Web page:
Chris Pincher is the latest name to take on the housing brief.
He becomes the tenth housing minister in the last ten years and the fourth in the last three years.
However, it was also announced that he will not be receiving the same cabinet privileges as his predecessor, as the Housing Minister post has been taken off the Cabinet attendee list.
He is the MP for Tamworth and has been since 2010. He was previously Minister of State for Europe and the Americas.
His voting record in the Commons reads much like his formers, constantly voting against raising benefits and for policies such as the Bedroom Tax.
On housing, he voted for ending lifetime tenancies and for charging market rents to high earning council tenants.
On his appointment, Pincher said: “Delighted to be appointed as the Minister of State for Housing – though sad to be leaving a great team at Foreign Office. This Government will deliver on our commitment to build the housing that people need. Looking forward to getting stuck in alongside Robert Jenrick.”
Earlier today, Jenrick was confirmed as staying on as Secretary of State for Housing, Communities and Local Government, despite national TV performances.
Last month, the Institute for Government (IfG) said the number of different housing ministers since 1997 left the UK “often lacking” a department strong enough to articulate a coherent housing policy – with housing is more often a stepping-stone portfolio to promotion.
IfG specifically cited housing as an example cited in its report on the frequency government reshuffles.
While recent governments have said addressing the housing crisis is a priority, the average minister of state for housing since 1997 has stayed in post just 14 months.
McVey lasted seven months to see the sector facing its tenth minister in ten years: the longest in post staying just over two years.
Three ministers lasted nine months or fewer.
It wasn’t long before the sector started to react to the news…
Ali Akbor, Chief Executive, Unity Homes: “Esther McVey’s appointment was a strange decision, and seemed more like a reward for backing Boris Johnson in the Conservative leadership contest after she was eliminated in the first round.
“As a former Deputy Chief Whip and Foreign Office Minister, Christopher Pincher knows how Government works and should be well-equipped to fight for the resources we need to tackle the national housing crisis.
“I hope the Prime Minister allows him to get on with the job.
“Ten Housing Ministers in ten years goes some way to explaining why the problems we face in housing continue to rumble on. It is surely time for continuity in that role.
“The newly-elected Government has placed home ownership much higher on its priority list than increasing the number of affordable properties developed by housing associations.
“I hope that Mr Pincher will quickly understand the role we can play to build more homes, improve people’s lives and enable local communities to become more sustainable.”
Tim Farron MP, Liberal Democrat Housing spokesperson: “UK housing is in crisis. Levels of homelessness are skyrocketing, there is a complete lack of affordable housing, and the tragedy of Grenfell remains at the forefront of people’s minds.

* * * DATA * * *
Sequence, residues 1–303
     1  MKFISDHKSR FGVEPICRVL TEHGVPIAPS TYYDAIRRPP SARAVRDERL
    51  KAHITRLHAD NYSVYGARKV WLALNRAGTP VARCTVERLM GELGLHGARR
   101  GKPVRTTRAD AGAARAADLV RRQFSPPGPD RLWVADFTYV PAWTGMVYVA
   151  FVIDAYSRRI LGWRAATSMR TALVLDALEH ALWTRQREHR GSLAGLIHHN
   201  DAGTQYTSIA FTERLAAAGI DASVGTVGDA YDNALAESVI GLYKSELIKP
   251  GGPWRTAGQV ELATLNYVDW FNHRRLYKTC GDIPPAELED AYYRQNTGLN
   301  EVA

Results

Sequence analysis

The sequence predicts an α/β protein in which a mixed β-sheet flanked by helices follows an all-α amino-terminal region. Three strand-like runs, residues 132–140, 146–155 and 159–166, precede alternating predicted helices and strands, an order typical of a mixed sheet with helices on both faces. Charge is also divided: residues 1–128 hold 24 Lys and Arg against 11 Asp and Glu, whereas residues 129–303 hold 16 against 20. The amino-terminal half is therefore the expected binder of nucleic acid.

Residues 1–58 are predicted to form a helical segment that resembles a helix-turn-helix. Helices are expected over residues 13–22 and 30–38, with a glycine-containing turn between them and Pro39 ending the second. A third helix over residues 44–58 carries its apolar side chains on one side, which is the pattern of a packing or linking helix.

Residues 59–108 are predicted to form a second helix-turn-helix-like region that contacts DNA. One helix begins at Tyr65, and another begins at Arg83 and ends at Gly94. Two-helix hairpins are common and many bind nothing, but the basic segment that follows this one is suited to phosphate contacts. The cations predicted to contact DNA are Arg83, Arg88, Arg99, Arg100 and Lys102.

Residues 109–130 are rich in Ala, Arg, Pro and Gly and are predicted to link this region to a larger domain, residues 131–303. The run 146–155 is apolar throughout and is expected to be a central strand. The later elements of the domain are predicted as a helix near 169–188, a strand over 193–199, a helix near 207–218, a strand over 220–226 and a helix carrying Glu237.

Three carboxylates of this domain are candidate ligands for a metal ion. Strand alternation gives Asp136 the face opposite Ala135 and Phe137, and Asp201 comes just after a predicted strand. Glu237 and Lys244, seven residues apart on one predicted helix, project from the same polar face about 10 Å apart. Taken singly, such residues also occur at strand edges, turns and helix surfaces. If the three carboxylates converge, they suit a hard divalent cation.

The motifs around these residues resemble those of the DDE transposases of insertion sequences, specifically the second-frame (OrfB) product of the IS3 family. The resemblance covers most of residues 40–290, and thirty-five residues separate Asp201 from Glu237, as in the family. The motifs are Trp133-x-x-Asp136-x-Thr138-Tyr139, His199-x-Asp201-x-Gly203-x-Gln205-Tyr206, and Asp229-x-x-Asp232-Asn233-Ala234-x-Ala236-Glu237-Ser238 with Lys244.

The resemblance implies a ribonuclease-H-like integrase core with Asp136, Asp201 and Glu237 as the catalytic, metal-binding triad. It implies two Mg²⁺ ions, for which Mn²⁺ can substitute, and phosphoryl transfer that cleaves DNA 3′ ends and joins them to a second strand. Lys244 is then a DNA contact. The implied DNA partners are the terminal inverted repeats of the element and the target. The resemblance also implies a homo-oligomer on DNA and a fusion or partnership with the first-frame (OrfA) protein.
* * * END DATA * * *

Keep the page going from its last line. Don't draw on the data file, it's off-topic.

“The revolving door at the Ministry of Housing means Tory Ministers have repeatedly failed to get a grip on these issues. The new Housing Minister must act urgently to ensure adequate safe and secure accommodation is made available right across the country.
“The Liberal Democrats want to see an ambitious programme to build social housing at far greater scale. Those who rent also need greater support: the new Minister must bring forward the Renters Reform Bill immediately in order to strengthen the rights of the millions of people in rented accommodation across the UK.”
Cllr David Williams, chairman of the County Councils Network and leader of Hertfordshire County Council: “We welcome the appointment of Christopher Pincher as the new housing minister. With a majority government now in place, the minister has the chance to set out a long-term vision for planning and housing, whilst having the capacity to implement tangible reform.
“The government should seek to move away from simply planning by numbers; instead focusing on homes of all tenures, in the right places matched with the right infrastructure.
“As a county MP, Christopher will be aware of the particular issues in the shire counties: they contain the least affordable housing outside of London and face significant gaps in funding for the infrastructure to compliment new development.
“Therefore, the minister should consider the recent Building Better, Building Beautiful commission’s recommendation that strategic planning be introduced in county areas, giving the county council a formal role and helping to link infrastructure and housing.
“This will allow us to target the right homes for the right areas, backed with the necessary infrastructure to create sustainable communities.”